By now, as Rafael Nadal and Roger Federer approach their 39th meeting on Saturday, tennis fans can find whatever they want in the head-to-head history between these two legends to justify picking one or the other to win.
Federer has won their last five meetings, but Nadal won the five before that. Federer leads 11-9 on hard courts, but Nadal leads 8-5 on hard-court matches played outdoors. Federer won their last meeting at Indian Wells, 6-2, 6-3; Nadal won the one before that, 6-4, 6-2; Federer won the one before that, 6-3, 6-4. Nadal has beaten Federer 23 times, but that number hasn’t budged in five years.
Leaving that ambiguous history behind and returning to the match at hand, the first thing we have to consider is Nadal’s right knee. In his quarterfinal against Karen Khachanov, Rafa’s patellar tendinitis flared again, and he played the second set with his right leg taped. There were moments when it appeared as if he would have to retire, but as the set progressed, his movement improved. While he couldn’t run down a couple of drop shots, he was well enough to dominate the second-set tiebreaker. At last year’s US Open, Nadal also played his third-round match with Khachanov with the same leg taped. He would survive two more rounds—including a five-set classic against Dominic Thiem in the quarterfinals—before having to retire in the semifinals.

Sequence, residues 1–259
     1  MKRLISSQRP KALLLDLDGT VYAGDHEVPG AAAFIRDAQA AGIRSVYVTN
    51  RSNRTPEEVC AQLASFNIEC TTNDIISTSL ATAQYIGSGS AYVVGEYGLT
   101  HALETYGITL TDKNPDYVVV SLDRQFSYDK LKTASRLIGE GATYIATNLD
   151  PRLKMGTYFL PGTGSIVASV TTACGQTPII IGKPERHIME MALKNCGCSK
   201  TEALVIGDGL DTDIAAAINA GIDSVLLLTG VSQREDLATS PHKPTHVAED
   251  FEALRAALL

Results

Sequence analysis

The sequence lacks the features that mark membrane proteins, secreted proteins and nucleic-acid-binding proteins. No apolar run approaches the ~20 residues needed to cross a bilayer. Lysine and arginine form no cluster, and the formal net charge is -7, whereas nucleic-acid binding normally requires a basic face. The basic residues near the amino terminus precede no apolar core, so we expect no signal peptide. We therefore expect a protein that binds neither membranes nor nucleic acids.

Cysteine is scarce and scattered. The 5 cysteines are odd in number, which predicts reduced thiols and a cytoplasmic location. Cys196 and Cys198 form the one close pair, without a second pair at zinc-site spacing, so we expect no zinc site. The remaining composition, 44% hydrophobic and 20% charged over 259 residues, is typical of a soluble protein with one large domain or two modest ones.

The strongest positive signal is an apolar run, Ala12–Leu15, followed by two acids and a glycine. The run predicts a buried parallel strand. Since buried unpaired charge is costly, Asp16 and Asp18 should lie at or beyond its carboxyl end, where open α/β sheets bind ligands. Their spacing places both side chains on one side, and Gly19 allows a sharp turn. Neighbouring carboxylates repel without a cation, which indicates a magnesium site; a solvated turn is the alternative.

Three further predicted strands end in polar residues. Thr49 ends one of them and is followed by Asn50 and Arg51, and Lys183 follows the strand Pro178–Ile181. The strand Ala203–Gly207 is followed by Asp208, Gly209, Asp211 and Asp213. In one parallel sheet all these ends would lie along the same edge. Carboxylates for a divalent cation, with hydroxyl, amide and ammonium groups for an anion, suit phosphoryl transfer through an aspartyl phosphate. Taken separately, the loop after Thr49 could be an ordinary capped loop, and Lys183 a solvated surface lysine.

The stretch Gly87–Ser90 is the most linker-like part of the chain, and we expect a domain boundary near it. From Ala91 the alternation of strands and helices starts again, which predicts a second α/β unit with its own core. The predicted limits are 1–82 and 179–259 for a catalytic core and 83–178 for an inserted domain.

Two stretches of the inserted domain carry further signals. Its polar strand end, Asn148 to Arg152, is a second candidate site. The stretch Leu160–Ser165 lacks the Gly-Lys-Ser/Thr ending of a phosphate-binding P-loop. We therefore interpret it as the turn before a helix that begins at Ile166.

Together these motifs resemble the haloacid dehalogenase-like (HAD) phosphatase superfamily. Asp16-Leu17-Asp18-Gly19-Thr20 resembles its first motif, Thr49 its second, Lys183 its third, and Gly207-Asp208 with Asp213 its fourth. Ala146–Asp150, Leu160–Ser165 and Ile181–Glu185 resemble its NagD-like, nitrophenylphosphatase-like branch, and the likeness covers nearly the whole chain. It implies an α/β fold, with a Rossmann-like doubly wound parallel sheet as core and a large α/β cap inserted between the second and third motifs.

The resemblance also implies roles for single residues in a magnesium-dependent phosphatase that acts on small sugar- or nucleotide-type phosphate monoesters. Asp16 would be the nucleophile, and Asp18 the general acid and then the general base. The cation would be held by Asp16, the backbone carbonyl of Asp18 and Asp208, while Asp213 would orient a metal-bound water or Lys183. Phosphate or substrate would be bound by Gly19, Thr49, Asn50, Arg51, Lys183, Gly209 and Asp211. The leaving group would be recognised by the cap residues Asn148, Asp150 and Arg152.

For now, all we can do is wait to see how that knee feels on Saturday. If there’s any problem with Nadal’s movement, Federer becomes a heavy favorite. He’s on a nine-match win streak, is coming off a title run in Dubai, and hasn’t dropped a set or been seriously challenged in Indian Wells. While he hasn’t faced Rafa since 2017, Federer had his number on hard courts by the end of that year. He had added a newly free-flowing drive backhand to his repertoire, and Rafa hadn’t found a way to counter it.
But if Nadal is healthy tomorrow, he may finally have an answer. In the year and a half since they met, Rafa has added a newly aggressive element to his own game, in the form of a more powerful and varied first serve. After starting the year well in Australia, he has looked just as sharp as Federer in Indian Wells. Nadal also hasn’t dropped a set, and when he was challenged, by Khachanov, he rose to it. It’s also possible that Nadal’s injury will help him psychologically. If it makes him feel as if he has nothing to lose (or a little less to lose, anyway), he might hit with more freedom and aggression—never a bad thing, especially with Rafa.
Let’s hope Nadal is at full strength; a meeting between these two is always welcome, and we’ve seen over the last two years how hard it can be to come by. If Nadal’s knee allows, it should also be an opportunity to see Roger and Rafa compete against each other at a moment when they’re both at their late-career peaks. How many more times will we have that chance?